He doesn’t look away from your mom’s chair, right next to his and currently occupied by her dogs. He doesn’t look at you as he tells you the truth. He doesn’t know the answer to any of your questions. What he does know is this: there’s more wrong with your mom than they thought. They’ve learned that she’s going into septic shock. They’ve induced a coma. They’re not sure she’ll survive.

And that’s when you shatter into so many pieces that you don’t even know who or what you are anymore. You fall to the ground and start weeping and howling and heaving and shaking. You’re cold and hot and dizzy and confused and nothing is making sense anymore. This is your mother. She’s supposed to be there for you forever and always. You’re too young �" she’s too young �" for her to leave you. And if she has to leave, it shouldn’t be like this.

You don’t know why or how but you know that this is somehow your fault. If only you’d been a better daughter. If only you’d answered the phone. If only you’d gone with them. If only you hadn’t been so wrapped up in yourself. If only you’d gotten better grades. If only you’d helped out when your extended family was here. If only you didn’t stress her out so much. If only you weren’t the bad child. If only you hadn’t always been such a problem. If only you didn’t exist.


You don’t get to visit her for three weeks. Your dad updates you on her condition every few days, when he remembers that he has children, when he isn’t sleeping or working or at the hospital. Even with his reports, you still don’t really know what’s going on. When you finally see her for the first time, you cry even though you promised yourself you wouldn’t. She’s puffed up like the Stay Puft Marshmallow Man and she’s covered in bruises and she’s wired to a million machines and she’s peeing through a tube.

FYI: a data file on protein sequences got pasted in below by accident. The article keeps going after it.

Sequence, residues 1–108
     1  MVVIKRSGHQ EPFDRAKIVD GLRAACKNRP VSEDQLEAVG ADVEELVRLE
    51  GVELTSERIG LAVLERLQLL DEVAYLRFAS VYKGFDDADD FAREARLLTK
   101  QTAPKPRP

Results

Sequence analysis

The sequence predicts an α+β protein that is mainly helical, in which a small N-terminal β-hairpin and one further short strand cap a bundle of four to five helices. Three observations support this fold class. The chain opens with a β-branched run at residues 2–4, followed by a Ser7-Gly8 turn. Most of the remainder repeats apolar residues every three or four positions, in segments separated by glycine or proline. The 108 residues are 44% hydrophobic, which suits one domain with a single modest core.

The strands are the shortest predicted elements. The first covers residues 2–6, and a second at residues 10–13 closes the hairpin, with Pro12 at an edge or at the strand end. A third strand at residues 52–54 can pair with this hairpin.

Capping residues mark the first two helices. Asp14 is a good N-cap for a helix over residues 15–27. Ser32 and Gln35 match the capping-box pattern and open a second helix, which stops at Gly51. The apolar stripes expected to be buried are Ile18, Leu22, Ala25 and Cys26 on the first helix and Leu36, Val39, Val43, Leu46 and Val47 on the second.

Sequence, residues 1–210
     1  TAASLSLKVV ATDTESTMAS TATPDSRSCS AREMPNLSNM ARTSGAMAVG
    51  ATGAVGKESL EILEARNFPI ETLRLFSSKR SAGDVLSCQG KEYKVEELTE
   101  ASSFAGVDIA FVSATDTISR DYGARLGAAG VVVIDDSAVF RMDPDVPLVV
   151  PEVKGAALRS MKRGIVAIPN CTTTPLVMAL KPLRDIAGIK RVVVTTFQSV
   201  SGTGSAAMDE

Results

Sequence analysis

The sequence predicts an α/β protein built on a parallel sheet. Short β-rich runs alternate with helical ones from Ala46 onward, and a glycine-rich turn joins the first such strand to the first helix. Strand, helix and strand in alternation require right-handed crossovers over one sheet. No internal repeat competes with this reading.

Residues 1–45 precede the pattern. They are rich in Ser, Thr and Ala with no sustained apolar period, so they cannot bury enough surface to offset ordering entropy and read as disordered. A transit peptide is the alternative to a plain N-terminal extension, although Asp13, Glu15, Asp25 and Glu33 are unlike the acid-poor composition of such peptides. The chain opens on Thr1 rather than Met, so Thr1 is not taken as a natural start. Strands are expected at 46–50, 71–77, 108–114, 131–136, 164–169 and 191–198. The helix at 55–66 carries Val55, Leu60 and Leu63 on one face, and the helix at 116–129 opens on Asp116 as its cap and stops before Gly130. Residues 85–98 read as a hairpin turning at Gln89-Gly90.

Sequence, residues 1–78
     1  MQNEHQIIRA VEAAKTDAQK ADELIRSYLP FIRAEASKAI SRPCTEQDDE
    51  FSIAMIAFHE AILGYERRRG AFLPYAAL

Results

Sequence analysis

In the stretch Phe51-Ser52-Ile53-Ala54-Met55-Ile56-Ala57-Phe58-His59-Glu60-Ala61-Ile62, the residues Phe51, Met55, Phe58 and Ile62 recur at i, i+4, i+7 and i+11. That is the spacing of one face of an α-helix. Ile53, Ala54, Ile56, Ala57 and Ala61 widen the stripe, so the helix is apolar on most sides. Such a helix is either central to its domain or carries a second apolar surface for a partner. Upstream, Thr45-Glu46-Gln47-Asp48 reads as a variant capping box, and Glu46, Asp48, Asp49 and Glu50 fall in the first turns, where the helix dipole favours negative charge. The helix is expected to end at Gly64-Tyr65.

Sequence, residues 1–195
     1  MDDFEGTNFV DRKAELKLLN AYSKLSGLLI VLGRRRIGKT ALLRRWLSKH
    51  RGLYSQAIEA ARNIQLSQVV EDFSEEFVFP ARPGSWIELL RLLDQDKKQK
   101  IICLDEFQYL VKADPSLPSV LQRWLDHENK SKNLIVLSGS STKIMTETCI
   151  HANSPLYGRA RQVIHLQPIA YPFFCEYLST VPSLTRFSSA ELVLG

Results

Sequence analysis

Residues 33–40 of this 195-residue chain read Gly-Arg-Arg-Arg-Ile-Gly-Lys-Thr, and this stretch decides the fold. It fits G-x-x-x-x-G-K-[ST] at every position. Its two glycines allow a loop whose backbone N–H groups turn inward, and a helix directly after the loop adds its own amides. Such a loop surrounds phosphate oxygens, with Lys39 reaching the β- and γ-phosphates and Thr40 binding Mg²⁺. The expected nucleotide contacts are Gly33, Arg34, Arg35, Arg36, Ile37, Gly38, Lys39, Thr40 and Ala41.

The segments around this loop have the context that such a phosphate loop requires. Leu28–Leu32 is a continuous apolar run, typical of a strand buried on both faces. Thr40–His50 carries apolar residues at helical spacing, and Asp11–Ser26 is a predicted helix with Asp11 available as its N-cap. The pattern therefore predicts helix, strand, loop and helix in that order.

She wakes up a week later, and comes home a week after that. She’s come back, she’s staying, but she’s not really the same. And that unsame-ness becomes the new same. She never returns to how she was before. Your mother’s gone, replaced by someone else. Someone you don’t know at all. And even now, four years later, you still know that this whole thing was all your fault.

© 2015 Pen The Willows

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Interesting. Is this a personal story?

Anyways, horrible jokes aside, this kept my interest. If you ant to see the flip side of the coin, if you get bored you can check out my current entry of the moment, lol.

Yeah, to have a mother for awhile is better than to have a horrible mother who is absolutely horrible, like myself.

So anyways, this was a good read. In my writing, I make the reader see through the eyes of what I call my players in the "Bryanverse."

I'm sorry if I touched on a tricky subject, but just know there is people who care about other people, including myself! Great work! :)

Posted 7 Years Ago

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Added on December 1, 2015
Last Updated on December 1, 2015


Pen The Willows
Pen The Willows


I'm 18 years old and I'm in my sophomore year of college. Most of the writings archived on here are from when I was in middle school and high school, and they aren't really very good. I wasn't going t.. more..